Nothing has really changed in the North Pacific…it is still pretty much shut down by high-pressure…with just some rough edges showing around the Aleutians and along the West Coast.
Basically we are just going to get a mix of weak energy for Hawaii around the early middle of next week, and a bunch of WNW-NW windswell for California/West Coast over the weekend and into early next week as well as some sloppy spring weather.
This is where the action is…
A good sized S swell (180-200) is currently hitting the West Coast…and if you are bored at work…uh…I mean amazingly attracted to surf contests… you can actually check out how this swell started to show down at the Nike Lowers contest… (this is just the first day…when the initial swell started to fill in…watch, as we see a few more days of contest shots the waves will get pretty decent sized…overhead+ or better)surf.transworld.net/1000104823/news/lowers-goes-off-dane-and-jordy-go-off/
So this S swell will hold for the West Coast as we head into the Weekend and it will be fading down in Central America/Mainland Mexico (since it hit earlier there)…but neither region will get that small thanks to more SSW-SW swell that moves in on Sunday and peaks into Monday. This one won't be all that big for California, but it does ok…with some shoulder high+ sets at the standouts. Unfortunately Socal will get a bit worked by onshore winds so it may not be that surfable around there. Mexico and Central America look both bigger and cleaner…likely shoulder-overhead for the better spots.
Further out is where things get interesting…a new storm pulled together over the last few days and is really starting to set up a large looking swell for the West Coast, Mexico, and almost all of Central/South America…South America will be a bit stormy, but the rest of the areas will get plenty of energy from this one too.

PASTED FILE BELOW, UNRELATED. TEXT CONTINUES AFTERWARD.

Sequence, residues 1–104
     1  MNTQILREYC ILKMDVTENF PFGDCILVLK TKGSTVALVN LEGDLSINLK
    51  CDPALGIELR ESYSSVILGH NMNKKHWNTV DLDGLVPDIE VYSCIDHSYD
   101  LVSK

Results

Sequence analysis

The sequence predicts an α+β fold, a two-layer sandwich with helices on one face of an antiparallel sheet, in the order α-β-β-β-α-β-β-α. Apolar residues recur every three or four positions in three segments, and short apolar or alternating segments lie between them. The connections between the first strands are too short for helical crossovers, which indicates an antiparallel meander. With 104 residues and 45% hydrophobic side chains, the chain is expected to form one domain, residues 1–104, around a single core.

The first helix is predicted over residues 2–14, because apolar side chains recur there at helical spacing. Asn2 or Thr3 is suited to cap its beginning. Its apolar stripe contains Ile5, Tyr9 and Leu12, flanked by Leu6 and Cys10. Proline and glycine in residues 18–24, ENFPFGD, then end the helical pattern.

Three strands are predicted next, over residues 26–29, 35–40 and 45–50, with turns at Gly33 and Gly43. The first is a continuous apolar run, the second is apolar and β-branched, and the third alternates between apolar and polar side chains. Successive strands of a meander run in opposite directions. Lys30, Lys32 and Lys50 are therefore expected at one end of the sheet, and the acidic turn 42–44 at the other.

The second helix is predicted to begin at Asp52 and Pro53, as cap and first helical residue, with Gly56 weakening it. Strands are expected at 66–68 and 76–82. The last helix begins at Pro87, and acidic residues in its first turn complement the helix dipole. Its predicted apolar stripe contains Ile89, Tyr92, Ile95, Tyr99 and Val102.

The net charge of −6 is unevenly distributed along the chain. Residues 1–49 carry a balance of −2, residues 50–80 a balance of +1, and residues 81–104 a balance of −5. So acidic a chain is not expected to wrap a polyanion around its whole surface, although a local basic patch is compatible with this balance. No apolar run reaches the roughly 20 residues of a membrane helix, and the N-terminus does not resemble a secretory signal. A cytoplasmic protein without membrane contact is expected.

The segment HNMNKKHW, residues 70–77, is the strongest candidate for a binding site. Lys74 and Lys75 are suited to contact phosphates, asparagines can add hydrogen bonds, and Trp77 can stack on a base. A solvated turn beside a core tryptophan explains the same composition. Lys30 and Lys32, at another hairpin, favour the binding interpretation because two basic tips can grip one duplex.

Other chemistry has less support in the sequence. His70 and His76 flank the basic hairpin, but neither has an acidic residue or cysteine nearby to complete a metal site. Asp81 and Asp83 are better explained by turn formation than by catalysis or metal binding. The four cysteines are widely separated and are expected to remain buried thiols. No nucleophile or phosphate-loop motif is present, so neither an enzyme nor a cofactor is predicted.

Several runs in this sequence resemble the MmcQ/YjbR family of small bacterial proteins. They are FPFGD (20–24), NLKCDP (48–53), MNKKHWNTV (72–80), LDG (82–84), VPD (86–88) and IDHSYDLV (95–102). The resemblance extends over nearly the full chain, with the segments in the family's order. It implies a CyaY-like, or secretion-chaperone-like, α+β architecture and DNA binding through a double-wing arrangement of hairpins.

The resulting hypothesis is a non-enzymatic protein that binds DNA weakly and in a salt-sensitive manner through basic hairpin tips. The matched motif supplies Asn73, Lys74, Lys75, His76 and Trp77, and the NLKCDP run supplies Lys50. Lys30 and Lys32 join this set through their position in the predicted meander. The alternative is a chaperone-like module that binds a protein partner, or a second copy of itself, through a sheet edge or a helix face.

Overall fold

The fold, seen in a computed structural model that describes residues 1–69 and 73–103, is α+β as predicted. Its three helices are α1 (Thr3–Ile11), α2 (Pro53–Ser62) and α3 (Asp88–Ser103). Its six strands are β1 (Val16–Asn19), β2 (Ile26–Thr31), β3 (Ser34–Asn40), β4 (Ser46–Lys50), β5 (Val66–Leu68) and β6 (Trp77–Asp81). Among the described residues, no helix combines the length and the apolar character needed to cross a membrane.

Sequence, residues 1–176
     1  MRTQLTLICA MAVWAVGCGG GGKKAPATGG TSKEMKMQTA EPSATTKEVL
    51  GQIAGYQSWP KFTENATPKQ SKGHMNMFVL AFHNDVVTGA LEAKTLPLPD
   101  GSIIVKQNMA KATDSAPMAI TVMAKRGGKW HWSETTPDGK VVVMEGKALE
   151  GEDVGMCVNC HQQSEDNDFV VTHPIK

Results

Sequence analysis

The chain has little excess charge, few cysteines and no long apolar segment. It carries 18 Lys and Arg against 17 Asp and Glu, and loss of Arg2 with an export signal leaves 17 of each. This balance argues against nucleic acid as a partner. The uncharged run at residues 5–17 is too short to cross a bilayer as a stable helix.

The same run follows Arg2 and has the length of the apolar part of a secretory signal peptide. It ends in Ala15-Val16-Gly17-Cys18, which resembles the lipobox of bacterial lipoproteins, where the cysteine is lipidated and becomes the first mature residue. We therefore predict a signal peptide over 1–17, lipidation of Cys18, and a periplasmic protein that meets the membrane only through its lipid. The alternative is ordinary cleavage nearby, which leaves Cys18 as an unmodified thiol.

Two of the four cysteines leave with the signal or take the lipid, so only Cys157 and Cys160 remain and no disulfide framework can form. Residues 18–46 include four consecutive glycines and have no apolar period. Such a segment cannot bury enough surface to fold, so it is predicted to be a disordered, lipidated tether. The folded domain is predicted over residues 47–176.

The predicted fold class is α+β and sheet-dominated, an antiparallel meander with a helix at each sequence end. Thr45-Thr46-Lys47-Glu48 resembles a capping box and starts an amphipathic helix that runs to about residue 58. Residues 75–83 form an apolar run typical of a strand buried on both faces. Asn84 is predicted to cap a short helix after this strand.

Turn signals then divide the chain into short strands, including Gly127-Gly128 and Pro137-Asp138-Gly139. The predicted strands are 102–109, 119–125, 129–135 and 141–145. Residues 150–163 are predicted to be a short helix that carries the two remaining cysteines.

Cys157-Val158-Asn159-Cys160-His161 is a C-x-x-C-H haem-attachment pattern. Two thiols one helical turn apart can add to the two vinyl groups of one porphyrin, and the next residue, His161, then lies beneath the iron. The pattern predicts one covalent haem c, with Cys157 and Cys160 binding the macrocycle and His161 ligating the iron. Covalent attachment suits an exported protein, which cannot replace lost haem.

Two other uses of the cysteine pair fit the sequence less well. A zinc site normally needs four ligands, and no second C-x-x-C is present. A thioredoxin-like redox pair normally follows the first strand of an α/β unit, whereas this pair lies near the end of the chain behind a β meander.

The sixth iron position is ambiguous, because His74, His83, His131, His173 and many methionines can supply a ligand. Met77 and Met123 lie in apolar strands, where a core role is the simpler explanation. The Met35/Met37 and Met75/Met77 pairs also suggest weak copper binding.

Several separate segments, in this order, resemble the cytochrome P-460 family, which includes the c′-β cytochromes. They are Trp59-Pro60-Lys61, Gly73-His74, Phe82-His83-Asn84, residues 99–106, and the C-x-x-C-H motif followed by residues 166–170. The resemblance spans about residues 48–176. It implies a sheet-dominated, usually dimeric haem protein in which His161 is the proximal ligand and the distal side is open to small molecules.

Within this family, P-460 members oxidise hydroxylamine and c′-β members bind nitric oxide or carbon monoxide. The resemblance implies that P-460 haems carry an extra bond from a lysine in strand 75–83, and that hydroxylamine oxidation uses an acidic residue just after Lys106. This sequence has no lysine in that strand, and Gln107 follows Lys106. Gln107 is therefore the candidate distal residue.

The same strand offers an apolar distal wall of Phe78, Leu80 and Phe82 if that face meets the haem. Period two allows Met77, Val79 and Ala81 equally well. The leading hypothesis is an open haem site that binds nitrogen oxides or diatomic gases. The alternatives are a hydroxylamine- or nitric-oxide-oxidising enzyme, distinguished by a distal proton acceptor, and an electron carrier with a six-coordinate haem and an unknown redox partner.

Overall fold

This is basically the South Pacific version of those "complex" low-pressures that we saw all winter in the NPAC…only we don't see them as often since we don't have a lovely basin like the Gulf of Alaska to funnel them into. This one is actually being fed by a helpful tropical system that is going extra-tropical over by Tahiti (we should send a card)…check out the sea-level pressure charts.
The colder storm is siphoning off a bunch of the warmer storms energy to help power up the winds along the surface. Besides making the colder storm more intense it also forces it to push "upwards" in positioning…aiming the strongest part of the fetch more our direction.
It also helps that since this is a complex system that has some more fronts moving around the core, each of which pours another dose of stronger winds onto an already formed sea-state…basically piling up swell on top of energy already heading our way.
Ok enough weather nerd stuff…lets get to the surf. This storm, if it continues to form the way the forecasts are showing (and the 24-48 hour forecasts are generally pretty accurate) then a large S-SW swell is going to be pushed towards…well everywhere along the east side of the Pacific…pretty much from South America up to the Pacific NW. This isn't really a Tahiti swell or Hawaii swell, because the action is so much further east, but Mainland Mex and Central America look like they will be pretty hefty…if you like large surf…it looks like it will be worth pulling the trigger.
For the West Coast…we can expect some really initial energy to start to pulse up out of the SW (210-225) on the 12th, but this isn't really part of the bigger swell, just some cast-off from the various storms as they moved into position. It will be good for some waist-chest high surf on Wednesday/early Thursday at the top spots. The main push of S swell (180-210) moves in with some looooong period (20-22 second) energy throughout the 13th…with the peak of the swell hitting on the 14th and holding into the 15th.
At this point it looks like most S facing spots will be shoulder-head high with some overhead sets. The standout S facing spots will be shoulder-overhead+ with sets going a couple of feet+ overhead at times. The top spots, the real S-swell standouts, will be bigger…with inconsistent sets going a few feet+ overhead at times.
Even further out the long-range forecasts say the SPAC isn't done with us either…another system may spin up around the same position in about 5-6 days, which could have more S-SW swell heading our way for around the 20-21st.
Check back in next week, same bat time, same bat channel, (Tuesday) for updates on how this swell (and the following ones) will be doing.